21 October 1999 Edition
No prosecutions in Ludlow case
Call on Taoiseach to reverse decision on `private' inquiry
Relatives of Seamus Ludlow, who was murdered by a group of loyalists, including two serving UDR members, in County Louth in May 1976, have been informed that the DPP in the North is not to prosecute four men arrested in connection with the killing last year. The victim's relatives have reacted angrily, saying that they are ``totally opposed'' to an inquiry being held in private.
``Mr Ludlow's nephew, Michael Donegan, said: ``As a family we are disgusted. We don't know yet what our options are legally, but we are not going to accept this. Clearly there is no political will to find these killers. They have decided to cover up everything that happened 23 years ago and everything that happened since. Where is the justice?''
Director of British Irish Rights Watch Jane Winter said: ``You need a public inquiry when the ordinary criminal justice system has failed to deal with a crime, as happened with the Ludlow case.
``From the point of view of the relatives it is very unsatisfactory. They are desperate to know the truth - they have been living with lies and deception for many years''.
Sinn Féin TD Caoimhghín O Caoláin has written to the Taoiseach urging him to reverse the Government's decision, announced by Bertie Ahern in the Dáil on 29 September, to hold a private inquiry into the Ludlow case with no published report. He says a public inquiry is needed now more than ever.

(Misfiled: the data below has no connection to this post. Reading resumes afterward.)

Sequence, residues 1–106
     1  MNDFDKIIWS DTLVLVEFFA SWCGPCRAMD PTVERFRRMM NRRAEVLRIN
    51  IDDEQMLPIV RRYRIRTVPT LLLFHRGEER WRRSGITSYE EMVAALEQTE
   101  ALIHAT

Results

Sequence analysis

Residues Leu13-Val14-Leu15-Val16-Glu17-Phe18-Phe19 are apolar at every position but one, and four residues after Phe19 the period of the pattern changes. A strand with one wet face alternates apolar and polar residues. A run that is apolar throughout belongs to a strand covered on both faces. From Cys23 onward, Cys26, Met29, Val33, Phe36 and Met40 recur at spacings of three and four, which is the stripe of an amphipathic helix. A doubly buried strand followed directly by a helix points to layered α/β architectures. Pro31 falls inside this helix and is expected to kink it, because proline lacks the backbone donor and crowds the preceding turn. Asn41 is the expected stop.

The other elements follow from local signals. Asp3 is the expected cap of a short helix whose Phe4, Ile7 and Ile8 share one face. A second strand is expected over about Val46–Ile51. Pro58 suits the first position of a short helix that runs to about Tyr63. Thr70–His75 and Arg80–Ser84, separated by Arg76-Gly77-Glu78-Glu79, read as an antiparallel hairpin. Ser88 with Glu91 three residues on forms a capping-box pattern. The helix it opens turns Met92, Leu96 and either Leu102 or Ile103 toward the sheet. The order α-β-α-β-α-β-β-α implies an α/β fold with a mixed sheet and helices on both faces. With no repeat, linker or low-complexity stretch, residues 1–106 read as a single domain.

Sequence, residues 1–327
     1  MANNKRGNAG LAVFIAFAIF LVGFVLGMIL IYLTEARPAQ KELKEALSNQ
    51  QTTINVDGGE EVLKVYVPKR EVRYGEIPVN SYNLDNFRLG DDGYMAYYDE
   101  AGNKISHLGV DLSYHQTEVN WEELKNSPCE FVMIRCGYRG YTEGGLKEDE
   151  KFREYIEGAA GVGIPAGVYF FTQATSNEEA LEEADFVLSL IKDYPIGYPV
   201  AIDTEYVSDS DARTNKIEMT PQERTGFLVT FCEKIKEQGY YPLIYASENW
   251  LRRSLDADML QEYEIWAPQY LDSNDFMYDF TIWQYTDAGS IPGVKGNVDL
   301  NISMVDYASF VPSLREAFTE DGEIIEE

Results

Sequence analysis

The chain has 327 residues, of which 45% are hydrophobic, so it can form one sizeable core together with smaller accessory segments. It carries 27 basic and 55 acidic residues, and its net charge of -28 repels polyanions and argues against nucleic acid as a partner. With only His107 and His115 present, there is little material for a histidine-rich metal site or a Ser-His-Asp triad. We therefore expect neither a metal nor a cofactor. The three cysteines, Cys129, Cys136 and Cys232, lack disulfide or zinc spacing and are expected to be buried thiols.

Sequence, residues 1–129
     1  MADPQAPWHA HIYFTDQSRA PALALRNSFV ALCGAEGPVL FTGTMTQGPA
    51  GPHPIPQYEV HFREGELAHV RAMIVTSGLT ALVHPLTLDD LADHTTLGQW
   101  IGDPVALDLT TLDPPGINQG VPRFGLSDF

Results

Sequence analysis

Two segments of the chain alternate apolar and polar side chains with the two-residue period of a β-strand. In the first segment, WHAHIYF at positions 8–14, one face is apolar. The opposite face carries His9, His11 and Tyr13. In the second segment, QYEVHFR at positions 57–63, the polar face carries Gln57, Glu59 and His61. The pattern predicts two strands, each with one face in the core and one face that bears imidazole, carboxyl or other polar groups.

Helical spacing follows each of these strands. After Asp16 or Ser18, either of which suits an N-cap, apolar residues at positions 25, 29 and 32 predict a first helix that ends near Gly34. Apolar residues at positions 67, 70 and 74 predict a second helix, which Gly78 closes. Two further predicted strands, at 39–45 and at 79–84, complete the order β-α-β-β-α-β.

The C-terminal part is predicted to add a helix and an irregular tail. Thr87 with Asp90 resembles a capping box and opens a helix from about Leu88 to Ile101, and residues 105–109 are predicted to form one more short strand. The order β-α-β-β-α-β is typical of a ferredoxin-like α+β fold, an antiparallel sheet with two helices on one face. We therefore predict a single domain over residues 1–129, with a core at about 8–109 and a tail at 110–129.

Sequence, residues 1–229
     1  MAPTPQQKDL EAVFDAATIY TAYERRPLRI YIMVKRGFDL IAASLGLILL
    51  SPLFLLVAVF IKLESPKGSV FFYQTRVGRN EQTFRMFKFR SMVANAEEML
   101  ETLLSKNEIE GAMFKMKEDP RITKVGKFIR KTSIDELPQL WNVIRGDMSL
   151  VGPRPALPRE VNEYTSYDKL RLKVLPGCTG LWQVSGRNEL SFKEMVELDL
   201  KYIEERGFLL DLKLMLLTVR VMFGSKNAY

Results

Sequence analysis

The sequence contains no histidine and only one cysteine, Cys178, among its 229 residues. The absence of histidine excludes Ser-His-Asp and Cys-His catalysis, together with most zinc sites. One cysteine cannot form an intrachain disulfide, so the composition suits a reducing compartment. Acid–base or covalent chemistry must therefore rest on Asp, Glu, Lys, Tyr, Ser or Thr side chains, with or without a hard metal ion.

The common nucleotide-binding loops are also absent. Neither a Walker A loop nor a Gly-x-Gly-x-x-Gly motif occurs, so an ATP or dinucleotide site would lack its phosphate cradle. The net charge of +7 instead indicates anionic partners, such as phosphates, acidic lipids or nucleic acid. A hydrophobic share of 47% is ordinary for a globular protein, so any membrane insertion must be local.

The Cavan/Monaghan TD said: ``It is beyond belief given the evidence in this case, including the sworn testimony of a man who was with the group which killed Seamus Ludlow, and who witnessed the killing directly, that no charges are to be brought. There has been a cover-up in this case by both the RUC and the gardai for over two decades. The family of the victim have been treated abominably and this decision compounds their grief.
``The Taoiseach told the Dáil on 29 September that the Government accepted the recommendation of the Report of the Victims Commission for a private inquiry into this case with no published report. The reason given for this course by Victims Commissioner John Wilson was `to avoid compromising any criminal prosecutions'.
``Given the failure to prosecute by the DPP in the North the Irish Government's decision must now be changed and a public inquiry set in train. I have written to the Taoiseach today urging that this issue be addressed without delay.''